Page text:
Appendix #3: Guilders, Pelts, Wampum... The Cost of Food & Clothing in New Amsterdam

Illustration 3: Guilders, Pelts, and Wampum

The units of the Dutch monetary system commonly referenced in New Netherland transactions were the stuyver, the guilder, and the Carolus guilder. During most the 17th century the coin representing the guilder, the gulden, had a silver content of about ten grams. link


  20 stuyvers           =            1 guilder

Reflecting its connection with the older currency of Florence, the guilder was also referred to as a florin, the name often used in tax assessments and court cases (e.g., Tax of 1655). The guilder was worth twenty "stuyvers". The coin referred to as the "Carolus guilder" (e.g., in the contract for the Roelantsen house of Illustration 2) also called "daalder" was worth thirty stuyvers. link

16 penningen    =    1 stuyver
20 stuyvers    =    1 guilder
30 stuyvers    =    1 Carolus guilder

Analogous to the old British monetary system before decimalization (where twenty shillings was equivalent to a pound), twenty Dutch stuyvers were equal to a guilder. As a benchmark of trade value, a guilder would buy four pounds of tobacco and five 2-pound loaves of white bread. A sheep might cost twenty to thirty guilders while a two-room house would cost about 500 guilders. Modern comparisons are difficult, the cost of land in Manhattan in the 1650s being much less than today. And, no doubt, colonists given the choice between a loaf of bread and an iPhone would invariably take the bread... even without it being sliced.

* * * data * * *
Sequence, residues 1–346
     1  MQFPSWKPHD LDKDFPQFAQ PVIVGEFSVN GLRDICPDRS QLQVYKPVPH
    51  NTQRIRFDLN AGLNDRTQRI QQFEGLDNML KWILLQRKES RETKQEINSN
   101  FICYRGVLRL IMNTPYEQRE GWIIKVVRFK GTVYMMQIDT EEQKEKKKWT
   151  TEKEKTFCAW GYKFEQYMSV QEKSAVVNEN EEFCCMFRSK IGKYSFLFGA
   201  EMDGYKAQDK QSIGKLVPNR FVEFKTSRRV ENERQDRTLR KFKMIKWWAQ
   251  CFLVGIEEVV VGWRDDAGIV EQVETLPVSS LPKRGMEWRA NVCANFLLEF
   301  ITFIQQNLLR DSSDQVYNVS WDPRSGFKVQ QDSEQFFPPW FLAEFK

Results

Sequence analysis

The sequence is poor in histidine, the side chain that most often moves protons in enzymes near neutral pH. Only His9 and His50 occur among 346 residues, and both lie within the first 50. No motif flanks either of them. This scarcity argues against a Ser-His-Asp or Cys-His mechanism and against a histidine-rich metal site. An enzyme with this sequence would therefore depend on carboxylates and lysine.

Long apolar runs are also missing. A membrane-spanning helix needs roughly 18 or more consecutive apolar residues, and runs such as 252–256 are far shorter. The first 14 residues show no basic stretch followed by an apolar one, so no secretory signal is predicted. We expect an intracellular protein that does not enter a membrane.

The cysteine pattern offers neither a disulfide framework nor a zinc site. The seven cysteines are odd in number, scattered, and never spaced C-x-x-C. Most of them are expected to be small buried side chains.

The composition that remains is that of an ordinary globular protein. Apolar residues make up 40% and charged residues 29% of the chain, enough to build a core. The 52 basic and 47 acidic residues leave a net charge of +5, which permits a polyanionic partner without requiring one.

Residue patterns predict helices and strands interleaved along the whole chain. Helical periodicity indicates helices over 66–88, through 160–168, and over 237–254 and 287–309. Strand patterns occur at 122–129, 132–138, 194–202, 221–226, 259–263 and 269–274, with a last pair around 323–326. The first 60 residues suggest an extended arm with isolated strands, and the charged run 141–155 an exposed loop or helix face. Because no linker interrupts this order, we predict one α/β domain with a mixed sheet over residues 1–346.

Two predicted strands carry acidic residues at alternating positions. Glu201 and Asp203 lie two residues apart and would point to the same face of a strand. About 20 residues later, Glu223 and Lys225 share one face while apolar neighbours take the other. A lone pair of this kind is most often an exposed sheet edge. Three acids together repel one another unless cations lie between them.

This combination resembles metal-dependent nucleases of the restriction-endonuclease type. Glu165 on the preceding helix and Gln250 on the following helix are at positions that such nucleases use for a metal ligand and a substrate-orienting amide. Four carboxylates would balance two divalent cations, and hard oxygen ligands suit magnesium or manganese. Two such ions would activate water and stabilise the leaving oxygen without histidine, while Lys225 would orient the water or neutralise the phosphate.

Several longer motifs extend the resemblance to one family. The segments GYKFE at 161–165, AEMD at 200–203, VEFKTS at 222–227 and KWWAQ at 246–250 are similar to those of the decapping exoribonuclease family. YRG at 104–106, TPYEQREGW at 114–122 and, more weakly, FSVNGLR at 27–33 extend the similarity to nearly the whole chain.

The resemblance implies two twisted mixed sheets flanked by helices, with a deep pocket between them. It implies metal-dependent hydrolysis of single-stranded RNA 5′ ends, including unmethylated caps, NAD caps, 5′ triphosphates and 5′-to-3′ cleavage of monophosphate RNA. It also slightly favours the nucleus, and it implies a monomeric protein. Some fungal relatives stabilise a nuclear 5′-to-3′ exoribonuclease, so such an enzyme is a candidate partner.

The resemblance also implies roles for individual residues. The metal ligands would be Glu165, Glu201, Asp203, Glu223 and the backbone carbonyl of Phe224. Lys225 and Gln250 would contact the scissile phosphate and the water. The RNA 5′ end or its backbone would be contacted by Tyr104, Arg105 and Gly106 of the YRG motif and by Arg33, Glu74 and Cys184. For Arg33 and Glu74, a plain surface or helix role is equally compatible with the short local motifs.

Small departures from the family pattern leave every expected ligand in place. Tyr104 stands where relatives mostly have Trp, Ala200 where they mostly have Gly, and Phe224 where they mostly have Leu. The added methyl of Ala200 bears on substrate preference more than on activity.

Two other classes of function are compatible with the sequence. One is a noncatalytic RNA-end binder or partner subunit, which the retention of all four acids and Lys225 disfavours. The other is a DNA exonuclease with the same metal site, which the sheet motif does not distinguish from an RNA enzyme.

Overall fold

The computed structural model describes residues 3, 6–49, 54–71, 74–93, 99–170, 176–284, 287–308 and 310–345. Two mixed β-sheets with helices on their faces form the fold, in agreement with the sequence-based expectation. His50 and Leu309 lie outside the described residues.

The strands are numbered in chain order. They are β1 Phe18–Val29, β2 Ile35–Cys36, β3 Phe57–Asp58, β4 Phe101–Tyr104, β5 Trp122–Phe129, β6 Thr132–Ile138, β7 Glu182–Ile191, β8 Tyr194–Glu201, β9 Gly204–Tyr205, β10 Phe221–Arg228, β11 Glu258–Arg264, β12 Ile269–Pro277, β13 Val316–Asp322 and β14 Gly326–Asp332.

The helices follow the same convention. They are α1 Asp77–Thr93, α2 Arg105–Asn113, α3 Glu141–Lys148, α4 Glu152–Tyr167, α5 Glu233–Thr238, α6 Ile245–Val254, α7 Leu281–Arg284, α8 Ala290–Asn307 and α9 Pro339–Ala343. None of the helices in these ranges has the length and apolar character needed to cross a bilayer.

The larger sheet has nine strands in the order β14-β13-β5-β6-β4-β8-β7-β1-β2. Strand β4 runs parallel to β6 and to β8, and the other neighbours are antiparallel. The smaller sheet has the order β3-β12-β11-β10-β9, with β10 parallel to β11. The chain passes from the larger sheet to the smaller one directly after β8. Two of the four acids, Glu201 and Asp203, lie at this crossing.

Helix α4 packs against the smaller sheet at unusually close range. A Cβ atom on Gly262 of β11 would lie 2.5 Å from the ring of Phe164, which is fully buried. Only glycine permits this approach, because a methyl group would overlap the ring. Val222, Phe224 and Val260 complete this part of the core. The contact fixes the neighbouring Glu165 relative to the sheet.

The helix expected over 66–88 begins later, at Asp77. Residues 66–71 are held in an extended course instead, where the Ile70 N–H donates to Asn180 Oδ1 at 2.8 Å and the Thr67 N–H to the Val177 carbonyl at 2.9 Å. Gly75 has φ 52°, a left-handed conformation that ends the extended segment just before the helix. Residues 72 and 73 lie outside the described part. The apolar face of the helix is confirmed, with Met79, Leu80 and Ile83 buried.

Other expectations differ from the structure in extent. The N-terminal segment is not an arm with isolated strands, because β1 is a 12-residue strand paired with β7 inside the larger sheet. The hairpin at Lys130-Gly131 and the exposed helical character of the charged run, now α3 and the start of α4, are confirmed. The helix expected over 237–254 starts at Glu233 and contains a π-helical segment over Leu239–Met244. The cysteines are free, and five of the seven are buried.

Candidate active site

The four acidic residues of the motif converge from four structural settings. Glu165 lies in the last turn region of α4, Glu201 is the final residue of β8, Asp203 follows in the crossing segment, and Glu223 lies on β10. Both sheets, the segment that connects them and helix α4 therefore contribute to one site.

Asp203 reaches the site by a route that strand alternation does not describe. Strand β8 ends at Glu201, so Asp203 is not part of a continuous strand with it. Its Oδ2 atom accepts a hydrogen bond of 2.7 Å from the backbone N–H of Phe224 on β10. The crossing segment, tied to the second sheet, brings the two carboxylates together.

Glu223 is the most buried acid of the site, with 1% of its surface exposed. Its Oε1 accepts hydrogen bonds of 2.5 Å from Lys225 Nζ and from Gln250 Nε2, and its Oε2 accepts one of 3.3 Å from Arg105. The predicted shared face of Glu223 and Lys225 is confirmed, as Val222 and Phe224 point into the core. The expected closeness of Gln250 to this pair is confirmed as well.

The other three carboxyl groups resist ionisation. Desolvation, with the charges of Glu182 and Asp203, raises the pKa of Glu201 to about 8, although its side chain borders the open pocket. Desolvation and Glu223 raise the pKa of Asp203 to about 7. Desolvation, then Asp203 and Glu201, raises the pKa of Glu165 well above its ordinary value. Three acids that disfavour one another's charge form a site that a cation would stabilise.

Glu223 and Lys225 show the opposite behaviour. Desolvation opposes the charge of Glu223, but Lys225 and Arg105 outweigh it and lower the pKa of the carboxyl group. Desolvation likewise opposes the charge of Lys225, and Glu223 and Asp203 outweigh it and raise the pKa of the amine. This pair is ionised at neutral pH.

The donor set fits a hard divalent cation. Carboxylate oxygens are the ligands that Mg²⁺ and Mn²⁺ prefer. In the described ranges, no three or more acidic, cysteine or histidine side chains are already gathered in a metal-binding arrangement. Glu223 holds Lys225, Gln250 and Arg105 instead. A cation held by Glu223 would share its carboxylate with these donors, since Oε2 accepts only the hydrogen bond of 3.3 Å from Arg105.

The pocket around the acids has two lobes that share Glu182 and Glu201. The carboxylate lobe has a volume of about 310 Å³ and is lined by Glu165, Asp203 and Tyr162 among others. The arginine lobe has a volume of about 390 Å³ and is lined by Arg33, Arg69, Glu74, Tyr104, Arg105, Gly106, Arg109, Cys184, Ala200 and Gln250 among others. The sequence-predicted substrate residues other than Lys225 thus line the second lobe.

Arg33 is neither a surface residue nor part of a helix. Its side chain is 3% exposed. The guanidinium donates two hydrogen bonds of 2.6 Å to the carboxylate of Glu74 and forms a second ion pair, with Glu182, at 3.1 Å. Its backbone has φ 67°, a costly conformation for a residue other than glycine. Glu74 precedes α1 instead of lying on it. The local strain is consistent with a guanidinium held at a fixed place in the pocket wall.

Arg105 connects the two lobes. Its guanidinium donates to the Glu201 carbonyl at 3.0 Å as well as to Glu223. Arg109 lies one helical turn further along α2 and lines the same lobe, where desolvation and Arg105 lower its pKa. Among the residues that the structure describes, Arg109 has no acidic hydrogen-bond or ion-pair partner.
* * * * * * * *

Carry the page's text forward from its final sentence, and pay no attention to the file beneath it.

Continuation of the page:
Although there were smaller-valued coins in the Netherlands such as the penning, so few made it to Manhattan that the Dutch adopted native "wampum" to alleviate the shortage of coin. link


  6 - 8 white beads       =        1 stuyver

Zewant, or wampum, were strings of beads Native Americans made from clipped and polished shellfish. (whelk and quahog clams). After clipping and polishing, the beads were about a quarter of an inch long and an eighth of an inch wide. A hole drilled longitudinally through the beads enabled them to be strung into various lengths. The value of the wampum depended upon the kind of beads used [with black (purple) beads being worth twice as much as white beads], the number of beads, and the perceptible workmanship in the manufacture. Thus, wampum with polished and strung beads was worth more than loose beads of indeterminate finish. During the 1650s, six to eight white beads was worth one stuyver.

For Native Americans wampum was used for diplomacy, for peace offerings and other intertribal parleys, as gifts and honorifics, in ceremonies sometimes using the beads as cues to a story of an event or history, and sometimes also in trade to balance a commercial exchange. To Dutch colonists wampum looked like money and soon it was incorporated into their barter economy.


  120 - 160 white beads    =    1 guilder